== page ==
On August 2, 2019, President Trump signed the Bipartisan Budget Act of 2019, raising the budget caps for FY 2020 and FY 2021 and suspending the debt ceiling. Seamus Daniels and Todd Harrison assess the impact of the budget deal on defense in their latest analysis.
Raytheon and United Technologies Corporation recently announced plans to merge into a new company, Raytheon Technologies, in 2020. While the past few years have seen significant industrial consolidation with the defense sector, the proposed Raytheon-UTC merger would be the largest defense merger in recent history.
Expectations have been building for the FY 2020 defense budget request, a budget that acting secretary of defense Shanahan has called the “masterpiece.” As the Office of Management and Budget (OMB) works on finalizing the request, experts from the CSIS International Security Program outline what to look for in the FY 2020 defense budget.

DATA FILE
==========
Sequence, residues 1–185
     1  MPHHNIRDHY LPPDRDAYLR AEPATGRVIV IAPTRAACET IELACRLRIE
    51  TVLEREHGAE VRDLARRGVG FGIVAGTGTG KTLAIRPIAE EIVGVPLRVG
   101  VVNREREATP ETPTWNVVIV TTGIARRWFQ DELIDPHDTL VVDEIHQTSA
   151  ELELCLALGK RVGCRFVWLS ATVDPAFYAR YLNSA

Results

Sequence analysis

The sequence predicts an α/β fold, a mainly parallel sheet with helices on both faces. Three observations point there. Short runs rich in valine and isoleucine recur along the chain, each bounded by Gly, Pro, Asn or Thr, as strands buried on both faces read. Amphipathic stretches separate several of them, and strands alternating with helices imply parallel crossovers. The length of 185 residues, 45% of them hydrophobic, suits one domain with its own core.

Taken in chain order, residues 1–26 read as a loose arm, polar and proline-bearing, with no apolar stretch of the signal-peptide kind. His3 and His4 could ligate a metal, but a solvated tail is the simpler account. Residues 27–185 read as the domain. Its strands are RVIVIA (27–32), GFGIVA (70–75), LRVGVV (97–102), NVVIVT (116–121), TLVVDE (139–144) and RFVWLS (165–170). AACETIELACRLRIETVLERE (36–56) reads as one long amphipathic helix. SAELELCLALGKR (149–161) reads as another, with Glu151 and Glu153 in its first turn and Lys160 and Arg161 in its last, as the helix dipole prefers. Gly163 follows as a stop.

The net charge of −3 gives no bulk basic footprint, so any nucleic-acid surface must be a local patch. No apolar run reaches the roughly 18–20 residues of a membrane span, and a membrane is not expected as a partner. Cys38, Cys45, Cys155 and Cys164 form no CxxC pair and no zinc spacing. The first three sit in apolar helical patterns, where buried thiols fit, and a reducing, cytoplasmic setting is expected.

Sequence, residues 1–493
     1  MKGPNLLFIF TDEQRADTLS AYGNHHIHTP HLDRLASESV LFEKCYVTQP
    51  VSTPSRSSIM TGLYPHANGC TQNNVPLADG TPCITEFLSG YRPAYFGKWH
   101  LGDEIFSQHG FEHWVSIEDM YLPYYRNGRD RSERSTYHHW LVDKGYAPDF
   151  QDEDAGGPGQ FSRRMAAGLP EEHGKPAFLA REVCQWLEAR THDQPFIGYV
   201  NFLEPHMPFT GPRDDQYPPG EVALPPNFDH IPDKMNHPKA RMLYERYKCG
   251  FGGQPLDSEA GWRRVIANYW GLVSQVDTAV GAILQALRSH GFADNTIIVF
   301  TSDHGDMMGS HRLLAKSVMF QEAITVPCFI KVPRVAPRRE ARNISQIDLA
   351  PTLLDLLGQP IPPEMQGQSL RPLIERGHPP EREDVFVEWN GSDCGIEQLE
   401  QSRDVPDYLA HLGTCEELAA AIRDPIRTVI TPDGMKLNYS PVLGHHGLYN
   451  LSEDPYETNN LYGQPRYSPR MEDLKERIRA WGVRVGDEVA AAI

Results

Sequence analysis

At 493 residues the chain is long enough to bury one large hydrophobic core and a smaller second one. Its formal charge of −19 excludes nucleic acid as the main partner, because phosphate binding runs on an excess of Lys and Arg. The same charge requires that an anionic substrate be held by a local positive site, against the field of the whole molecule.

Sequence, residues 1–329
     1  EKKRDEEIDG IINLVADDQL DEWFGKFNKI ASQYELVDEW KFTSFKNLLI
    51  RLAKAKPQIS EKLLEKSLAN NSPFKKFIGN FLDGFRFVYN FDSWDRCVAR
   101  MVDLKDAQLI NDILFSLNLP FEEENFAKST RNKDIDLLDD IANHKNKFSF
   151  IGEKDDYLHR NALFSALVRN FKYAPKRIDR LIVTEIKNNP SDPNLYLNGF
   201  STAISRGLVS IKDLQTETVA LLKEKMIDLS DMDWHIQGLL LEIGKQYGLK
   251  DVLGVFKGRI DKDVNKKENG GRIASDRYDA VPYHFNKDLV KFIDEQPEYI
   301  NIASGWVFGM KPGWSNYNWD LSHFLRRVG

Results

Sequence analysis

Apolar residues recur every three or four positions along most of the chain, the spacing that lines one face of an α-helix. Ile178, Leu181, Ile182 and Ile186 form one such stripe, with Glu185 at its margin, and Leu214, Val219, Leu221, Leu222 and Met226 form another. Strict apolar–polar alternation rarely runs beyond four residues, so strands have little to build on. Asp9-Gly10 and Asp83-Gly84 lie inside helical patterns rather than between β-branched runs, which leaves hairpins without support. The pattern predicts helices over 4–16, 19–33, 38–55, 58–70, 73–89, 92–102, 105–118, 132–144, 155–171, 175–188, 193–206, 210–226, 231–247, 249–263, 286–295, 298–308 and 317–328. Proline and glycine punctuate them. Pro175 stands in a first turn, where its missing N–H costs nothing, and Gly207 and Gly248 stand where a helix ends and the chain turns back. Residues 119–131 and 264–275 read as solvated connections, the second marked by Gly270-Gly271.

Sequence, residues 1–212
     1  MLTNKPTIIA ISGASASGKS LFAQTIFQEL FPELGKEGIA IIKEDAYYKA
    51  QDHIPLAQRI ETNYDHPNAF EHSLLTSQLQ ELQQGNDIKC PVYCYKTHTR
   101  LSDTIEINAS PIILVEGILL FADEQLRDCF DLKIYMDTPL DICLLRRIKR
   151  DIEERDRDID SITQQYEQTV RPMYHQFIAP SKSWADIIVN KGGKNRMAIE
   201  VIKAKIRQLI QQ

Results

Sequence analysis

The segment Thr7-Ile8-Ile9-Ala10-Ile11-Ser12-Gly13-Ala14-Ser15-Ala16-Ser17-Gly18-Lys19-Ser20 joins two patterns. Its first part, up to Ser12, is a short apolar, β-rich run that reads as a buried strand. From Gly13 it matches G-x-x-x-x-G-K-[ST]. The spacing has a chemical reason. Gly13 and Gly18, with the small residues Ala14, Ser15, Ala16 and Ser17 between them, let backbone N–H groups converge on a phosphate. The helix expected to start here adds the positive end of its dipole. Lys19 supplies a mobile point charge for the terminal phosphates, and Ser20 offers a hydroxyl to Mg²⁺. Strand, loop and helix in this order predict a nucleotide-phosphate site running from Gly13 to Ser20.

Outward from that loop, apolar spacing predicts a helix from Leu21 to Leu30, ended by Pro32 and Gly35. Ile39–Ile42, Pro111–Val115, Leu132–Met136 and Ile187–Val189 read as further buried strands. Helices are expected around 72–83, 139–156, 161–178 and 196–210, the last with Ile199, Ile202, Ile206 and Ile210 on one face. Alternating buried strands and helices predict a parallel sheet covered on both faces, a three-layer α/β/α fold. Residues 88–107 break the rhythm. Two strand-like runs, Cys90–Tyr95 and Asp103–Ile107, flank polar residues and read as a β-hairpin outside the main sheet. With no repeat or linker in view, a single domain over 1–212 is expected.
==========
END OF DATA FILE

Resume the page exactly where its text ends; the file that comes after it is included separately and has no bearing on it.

The OCO budget has been taken advantage of to skirt defense spending limits and to fund base budget activities that do not actually constitute war funding. However, moving all of OCO’s enduring costs into the base budget for the final two years of the Budget Control Act caps may not be politically expedient for passing a budget agreement for FY 2020 and FY 2021.
The National Defense Strategy calls for “modernization of key capabilities through sustained, predictable budgets,” yet the unclassified summary and FY 2019 budget request fail to show how the Department of Defense will fund such a priority in the face of long-term, strategic competition with China and Russia.